Rich Miller and Shobhana Chandra
Saturday, Oct 4, 2008
The U.S. may be heading for its worst recession in at least a quarter century as the credit crisis forces employers across the country to cut workers and ratchet back spending.
Labor Department figures showed yesterday that payrolls fell by 159,000 in September, the biggest reduction in five years. While the unemployment rate held at 6.1 percent, that’s up from 5 percent as recently as April. Some economists, including Goldman Sachs Group Inc.’s Jan Hatzius, said it rise as high as 8 percent as the credit crunch hammers consumers and companies.
“We’re in this self-reinforcing negative cycle,” said Mark Zandi, chief economist at the West Chester, Pennsylvania-based Moody’s Economy.com. “It’s going to be a very significant recession.”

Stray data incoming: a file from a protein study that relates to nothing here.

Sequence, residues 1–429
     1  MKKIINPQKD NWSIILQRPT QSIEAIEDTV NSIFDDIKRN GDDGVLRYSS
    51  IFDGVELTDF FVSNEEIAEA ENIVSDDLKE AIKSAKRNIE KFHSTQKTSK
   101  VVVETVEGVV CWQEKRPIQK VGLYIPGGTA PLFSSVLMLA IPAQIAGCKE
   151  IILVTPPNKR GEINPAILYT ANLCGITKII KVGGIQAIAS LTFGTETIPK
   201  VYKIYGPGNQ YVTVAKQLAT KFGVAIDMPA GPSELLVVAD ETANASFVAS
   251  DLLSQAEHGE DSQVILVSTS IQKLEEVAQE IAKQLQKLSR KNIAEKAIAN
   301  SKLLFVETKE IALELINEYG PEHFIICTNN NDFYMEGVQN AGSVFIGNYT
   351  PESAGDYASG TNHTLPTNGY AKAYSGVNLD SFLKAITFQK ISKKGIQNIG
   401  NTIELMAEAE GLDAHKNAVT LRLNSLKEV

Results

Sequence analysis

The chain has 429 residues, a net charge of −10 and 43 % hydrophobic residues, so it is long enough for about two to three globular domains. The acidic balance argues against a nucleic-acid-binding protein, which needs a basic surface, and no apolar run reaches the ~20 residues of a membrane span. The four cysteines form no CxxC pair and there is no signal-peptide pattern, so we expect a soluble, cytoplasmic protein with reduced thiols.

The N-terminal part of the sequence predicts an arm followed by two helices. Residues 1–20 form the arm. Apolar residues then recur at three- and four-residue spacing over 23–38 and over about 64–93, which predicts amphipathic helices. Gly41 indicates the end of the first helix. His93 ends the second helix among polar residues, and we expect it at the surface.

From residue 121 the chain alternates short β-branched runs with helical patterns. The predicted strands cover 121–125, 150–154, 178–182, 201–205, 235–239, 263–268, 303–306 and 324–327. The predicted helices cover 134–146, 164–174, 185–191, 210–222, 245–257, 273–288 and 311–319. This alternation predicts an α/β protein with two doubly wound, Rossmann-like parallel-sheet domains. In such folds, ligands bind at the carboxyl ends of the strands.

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That’s bad news for Republican presidential candidate John McCain as the campaign enters its final month. The jobless rate has only risen twice in the year leading up to elections since World War II and in each case the party in power lost.
“Voters praise or blame the incumbent party in the White House for the economy,” said Ray Fair, a professor at Yale University in New Haven, Connecticut. “Rising unemployment is a negative for McCain.”
A computer model Fair has developed to forecast the election based on the economy shows the 72-year-old Arizona senator losing to his Democratic rival, Senator Barack Obama, 47, on Nov. 4.